Migraine with Visual Loss May Presage Stroke in Young Patients

April 11, 2005
Internal Medicine World Report, April 2005,

Migraine with Visual Loss May Presage Stroke in Young Patients

By Wayne Kuznar

New Orleans—A history of migraine increases the risk of stroke in younger women, and the risk appears strongest for migraine with vision loss, said investigators at the American Stroke Association’s International Stroke Conference 2005.

“Migraine with visual aura, particularly visual loss, was associated with increased stroke risk independent of hypertension, diabetes, smoking, or oral contraceptive use,” said Steven J. Kittner, MD, MPH, of the Baltimore VA Hospital and the University of Maryland, Baltimore, and coinvestigator of a population-based case-control study that involved 59 hospitals in the Baltimore-Washington, DC, area. The study included 386 women (aged 15-49 years) with a clinical diagnosis of first ischemic stroke and 614 age-, race-, and gender-matched controls.

Those with migraine and vision loss had a 65% increased risk of stroke compared with women with no migraine. After controlling for hypertension, diabetes, smoking, and oral contraceptive use, migraine and vision loss was associated with a 70% increased risk of stroke compared with no migraine. Visual aura consisting of spots, lines, or flashing lights was associated with only a 25% increased risk of stroke, which suggests that vision loss is more likely a symptom of transient cerebral ischemia than is seeing spots or lines, said Dr Kittner.

An initial visual loss at least 1 year before stroke was a significant predictor of stroke. Stroke risk increased by 94%, compared with women without migraine, if first aura symptoms occurred >1 year before the stroke but did not increase when first symptoms occurred ≤1 year of stroke.

The prevalence of migraine among young women is about 17%, and about 5% of young women have migraine with aura. Despite the increased stroke risk among young women with migraine with visual loss, the absolute risk of stroke among these women is still low, at 1 per 2500, said Dr Kittner. However, “any person, regardless of age or gender, who has new onset of visual symptoms with or without headache should have the problem investigated,” he advised.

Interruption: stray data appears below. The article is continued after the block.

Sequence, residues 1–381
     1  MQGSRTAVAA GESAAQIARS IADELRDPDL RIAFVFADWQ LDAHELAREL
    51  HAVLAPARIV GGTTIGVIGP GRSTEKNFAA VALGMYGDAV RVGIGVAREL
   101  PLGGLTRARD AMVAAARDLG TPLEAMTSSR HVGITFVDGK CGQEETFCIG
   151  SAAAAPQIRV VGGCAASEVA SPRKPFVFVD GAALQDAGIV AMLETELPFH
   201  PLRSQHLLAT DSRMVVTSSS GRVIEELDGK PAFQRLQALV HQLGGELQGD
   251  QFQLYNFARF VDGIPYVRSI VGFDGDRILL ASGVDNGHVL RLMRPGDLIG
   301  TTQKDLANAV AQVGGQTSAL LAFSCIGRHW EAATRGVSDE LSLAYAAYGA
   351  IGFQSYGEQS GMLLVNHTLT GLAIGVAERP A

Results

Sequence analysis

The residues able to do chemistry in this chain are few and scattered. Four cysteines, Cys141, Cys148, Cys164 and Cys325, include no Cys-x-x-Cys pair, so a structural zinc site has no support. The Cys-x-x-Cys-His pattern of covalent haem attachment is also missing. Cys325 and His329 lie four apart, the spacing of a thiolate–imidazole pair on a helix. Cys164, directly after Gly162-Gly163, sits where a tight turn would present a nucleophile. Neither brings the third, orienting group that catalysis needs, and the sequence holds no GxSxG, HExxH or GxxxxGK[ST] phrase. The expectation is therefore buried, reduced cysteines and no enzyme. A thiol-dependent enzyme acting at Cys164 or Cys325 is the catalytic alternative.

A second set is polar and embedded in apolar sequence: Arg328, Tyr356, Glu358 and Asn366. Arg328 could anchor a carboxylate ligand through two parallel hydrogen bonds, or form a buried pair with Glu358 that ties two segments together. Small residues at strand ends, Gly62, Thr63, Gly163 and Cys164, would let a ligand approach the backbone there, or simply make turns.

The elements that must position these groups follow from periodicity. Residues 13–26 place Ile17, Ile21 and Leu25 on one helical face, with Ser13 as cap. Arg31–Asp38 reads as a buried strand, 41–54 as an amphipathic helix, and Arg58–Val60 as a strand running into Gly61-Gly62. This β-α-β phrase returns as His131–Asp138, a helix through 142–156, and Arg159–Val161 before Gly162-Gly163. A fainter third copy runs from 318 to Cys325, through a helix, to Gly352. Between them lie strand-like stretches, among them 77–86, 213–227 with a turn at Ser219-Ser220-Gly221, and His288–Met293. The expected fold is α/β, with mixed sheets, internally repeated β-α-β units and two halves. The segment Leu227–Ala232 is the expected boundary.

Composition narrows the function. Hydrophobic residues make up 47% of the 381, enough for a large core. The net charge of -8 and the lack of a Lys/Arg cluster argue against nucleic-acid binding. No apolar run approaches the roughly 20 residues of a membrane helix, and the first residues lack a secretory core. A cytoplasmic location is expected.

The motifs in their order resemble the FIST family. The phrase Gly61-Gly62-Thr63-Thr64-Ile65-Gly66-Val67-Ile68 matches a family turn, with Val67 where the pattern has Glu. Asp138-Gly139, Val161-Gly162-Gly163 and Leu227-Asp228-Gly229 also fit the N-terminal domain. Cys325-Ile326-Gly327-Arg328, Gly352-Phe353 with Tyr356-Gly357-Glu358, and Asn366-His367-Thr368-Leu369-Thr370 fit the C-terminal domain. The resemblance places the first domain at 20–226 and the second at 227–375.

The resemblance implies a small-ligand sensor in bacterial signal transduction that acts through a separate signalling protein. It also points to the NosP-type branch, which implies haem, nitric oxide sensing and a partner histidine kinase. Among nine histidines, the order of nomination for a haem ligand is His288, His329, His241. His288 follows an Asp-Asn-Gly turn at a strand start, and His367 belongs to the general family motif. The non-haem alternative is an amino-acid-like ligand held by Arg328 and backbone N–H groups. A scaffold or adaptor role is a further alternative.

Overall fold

Some studies support that migraine alone is associated with stroke, whereas others show that “migraine with aura convey some of the risk,” he said. A recent study by Italian researchers showed that migraine with or without aura increased ischemic stroke risk in younger men and women. They followed 238 men and women (aged 16-44 years) who had a stroke, and an equal number of age- and sex-matched controls. Among the stroke group, 63 patients reported a history of migraine compared with only 33 in the control group (P = .009).

Regression analysis showed that migraine increased the risk of stroke by 2.7 times, said lead investigator Massimo Camerlingo, MD, head of the neurologic unit at Policlinico San Marco, Osio Sotto (Bergamo), Italy. Migraine with hypertension increased stroke risk by 9-fold. Among the women, “there was no difference between the groups in use of estrogen or progesterone,” said Dr Camerlingo.

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